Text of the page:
It will likely take 5-7 “touches” to get the Employment Agreement finalized.  Each step will bring you closer to a final agreement but no single step will close the gap until the end.  Be deliberate, Grasshopper.  [Does it piss you off when the Big Red Car calls you "Grasshopper", Grasshopper?  The Big Red Car apologizes if it does.  Sorry.]

You will not get everything that you want but you will get a lot of it, if you are fair and consistent and precise in your negotiations.

The Boss always advises the CEO to take the first stab at the Employment Agreement.  Whoever strikes first usually sets the pattern the negotiations are going to take.

The Boss always used to submit an initial draft outlining exactly what he wanted before the discussion as to the original Employment Agreement or any subsequent modification or renewal was advanced by the Board.  Be the first mover.

The Boss would send it with a cover memo discussing any specific issues.  This memo was an attempt to strike a “coup de main” — look it up, Grasshopper.

Participants

The CEO should retain an attorney to advise her unless she has been at it for a number of years and there is an exemplar being used with which she is very comfortable.  Rookie CEOs should always retain a damn good lawyer to advise her.

The Board will likely form a compensation committee and deputize that committee to handle the negotiations.  Likely the Chairman of the Compensation Committee will be the point of contact with the CEO.  Work that relationship understanding that it will greatly impact the outcome of the negotiations.  Again, charm will serve you well.

Try to conduct your negotiations outside the office or on the Chairman’s turf.  If he is relaxed, the outcomes will be better.  Pro tip.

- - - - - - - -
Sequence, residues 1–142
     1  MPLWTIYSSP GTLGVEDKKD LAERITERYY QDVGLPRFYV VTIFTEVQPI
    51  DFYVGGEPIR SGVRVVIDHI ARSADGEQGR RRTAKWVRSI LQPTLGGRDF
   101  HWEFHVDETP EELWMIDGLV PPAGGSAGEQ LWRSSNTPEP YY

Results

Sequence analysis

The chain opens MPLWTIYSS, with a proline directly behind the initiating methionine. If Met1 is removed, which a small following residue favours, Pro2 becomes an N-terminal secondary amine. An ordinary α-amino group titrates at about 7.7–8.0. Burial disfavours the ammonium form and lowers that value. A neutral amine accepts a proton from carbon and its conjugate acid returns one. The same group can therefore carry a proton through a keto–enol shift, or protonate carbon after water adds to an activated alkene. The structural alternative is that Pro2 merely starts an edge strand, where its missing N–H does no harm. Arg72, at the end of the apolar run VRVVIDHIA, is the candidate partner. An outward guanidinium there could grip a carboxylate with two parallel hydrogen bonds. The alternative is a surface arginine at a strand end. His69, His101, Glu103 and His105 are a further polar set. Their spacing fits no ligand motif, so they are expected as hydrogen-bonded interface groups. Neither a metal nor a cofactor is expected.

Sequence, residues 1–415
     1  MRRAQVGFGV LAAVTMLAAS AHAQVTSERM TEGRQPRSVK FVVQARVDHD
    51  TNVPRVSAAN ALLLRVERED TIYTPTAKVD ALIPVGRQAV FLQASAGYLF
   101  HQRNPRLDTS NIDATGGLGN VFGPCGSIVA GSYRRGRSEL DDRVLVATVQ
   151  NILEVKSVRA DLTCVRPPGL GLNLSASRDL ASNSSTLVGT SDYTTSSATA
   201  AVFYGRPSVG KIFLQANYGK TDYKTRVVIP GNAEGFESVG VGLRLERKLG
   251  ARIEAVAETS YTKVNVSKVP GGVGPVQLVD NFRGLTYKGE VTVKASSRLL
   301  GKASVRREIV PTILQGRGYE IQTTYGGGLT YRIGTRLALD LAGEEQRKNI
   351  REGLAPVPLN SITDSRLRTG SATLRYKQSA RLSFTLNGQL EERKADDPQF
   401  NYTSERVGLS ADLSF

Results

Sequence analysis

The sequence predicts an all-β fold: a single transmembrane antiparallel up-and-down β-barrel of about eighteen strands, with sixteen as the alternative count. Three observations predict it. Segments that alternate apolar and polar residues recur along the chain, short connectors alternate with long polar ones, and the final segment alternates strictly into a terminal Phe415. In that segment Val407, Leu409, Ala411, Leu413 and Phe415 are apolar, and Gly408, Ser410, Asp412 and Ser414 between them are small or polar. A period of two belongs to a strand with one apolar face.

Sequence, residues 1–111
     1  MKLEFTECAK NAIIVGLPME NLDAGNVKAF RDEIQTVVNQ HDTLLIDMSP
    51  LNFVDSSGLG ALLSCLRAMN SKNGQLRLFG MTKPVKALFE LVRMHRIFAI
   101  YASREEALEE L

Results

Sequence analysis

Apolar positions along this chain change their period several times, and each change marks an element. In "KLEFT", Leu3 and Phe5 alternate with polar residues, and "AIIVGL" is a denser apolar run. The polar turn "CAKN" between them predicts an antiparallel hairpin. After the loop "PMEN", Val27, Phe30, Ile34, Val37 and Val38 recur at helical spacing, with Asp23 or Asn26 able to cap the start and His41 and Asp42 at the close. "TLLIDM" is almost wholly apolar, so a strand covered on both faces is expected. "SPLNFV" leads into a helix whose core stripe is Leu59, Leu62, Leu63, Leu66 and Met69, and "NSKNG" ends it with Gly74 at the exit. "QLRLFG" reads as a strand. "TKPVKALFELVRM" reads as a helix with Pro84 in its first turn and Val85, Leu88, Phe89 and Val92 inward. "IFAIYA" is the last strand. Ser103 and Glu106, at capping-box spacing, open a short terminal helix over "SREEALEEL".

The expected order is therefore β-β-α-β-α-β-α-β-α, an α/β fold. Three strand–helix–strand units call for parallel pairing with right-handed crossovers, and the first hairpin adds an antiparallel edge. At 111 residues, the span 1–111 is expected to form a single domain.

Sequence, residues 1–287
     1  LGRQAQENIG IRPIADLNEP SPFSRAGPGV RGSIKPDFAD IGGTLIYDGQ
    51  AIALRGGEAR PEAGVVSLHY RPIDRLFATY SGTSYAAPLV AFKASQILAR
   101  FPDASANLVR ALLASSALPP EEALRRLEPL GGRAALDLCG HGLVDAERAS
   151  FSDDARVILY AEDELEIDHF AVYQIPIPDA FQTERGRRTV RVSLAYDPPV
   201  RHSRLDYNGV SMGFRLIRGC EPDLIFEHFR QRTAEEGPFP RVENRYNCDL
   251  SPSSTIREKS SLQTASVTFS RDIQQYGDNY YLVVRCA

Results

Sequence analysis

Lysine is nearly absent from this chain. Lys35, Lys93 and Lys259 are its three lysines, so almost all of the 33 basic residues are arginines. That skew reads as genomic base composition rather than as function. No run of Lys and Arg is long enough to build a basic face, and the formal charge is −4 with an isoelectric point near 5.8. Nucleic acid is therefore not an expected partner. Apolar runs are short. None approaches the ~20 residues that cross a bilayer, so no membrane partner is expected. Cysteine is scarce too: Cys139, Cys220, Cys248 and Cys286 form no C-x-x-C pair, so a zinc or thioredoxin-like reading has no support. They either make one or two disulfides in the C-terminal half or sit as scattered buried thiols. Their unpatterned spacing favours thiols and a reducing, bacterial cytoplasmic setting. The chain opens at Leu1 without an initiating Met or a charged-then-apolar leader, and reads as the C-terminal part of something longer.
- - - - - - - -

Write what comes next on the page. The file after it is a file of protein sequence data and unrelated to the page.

The final Employment Agreement will likely be voted on by the Compensation Committee and then the whole Board.  Don’t be afraid to do a bit of politicking and to count noses before a vote.  Rally your friends.  This is just simple Board politics.  Get your hands dirty if you must.

This is a multi-step process and has the potential to have a few snags along the way.  Again, be deliberate and don’t over react when a snag appears.  Just work through it.

Details

As a quick introduction to the kinds of details that can be confronted, dealt with and defined by a good Employment Agreement, here are ten quick hitters, just to give you a flavor of things.

1.  What is the “indemnification” of the CEO by the company?  If the CEO is sued personally by an aggrieved party, how is the CEO’s defense provided?

2.  How is the CEO’s performance appraised?  By whom?  With what frequency?  What if it is not done?

3.  What happens in the event of a change of control?  Does the Employment Agreement terminate?  What happens to the CEO in the event of a termination by virtue of “change of control”?

4.  What happens if the CEO is disabled and cannot work?  Can he ultimately return to work when he gets better?

5.  Are the CEO’s options protected against dilution?  If so, how?

6.  What does the company pay for as it relates to business machines, premium web based services, premium social media memberships, expense reimbursement?

7.  Can the CEO work remotely?  From his ski house?  At the beach?

8.  Is the CEO automatically nominated to the Board?

9.  Can the CEO’s executive assistant oversee the paying of the CEO’s bills?

10.  Can the CEO serve on other boards, charity boards?

As you can see, there is a lot more detail than just compensation at work here.

In the weeks ahead, the Big Red Car and The Boss will go through each of these sections and provide some real world guidance and musings.  Musings are good.

But, hey, what the Hell do I know anyway?  I’m just a Big Red Car.

Be good to yourself and your loved ones this weekend.  Remember that Mother’s Day is coming up shortly and that Mom was a sweetheart when you needed her.  Be good to your Mom or someone else’s.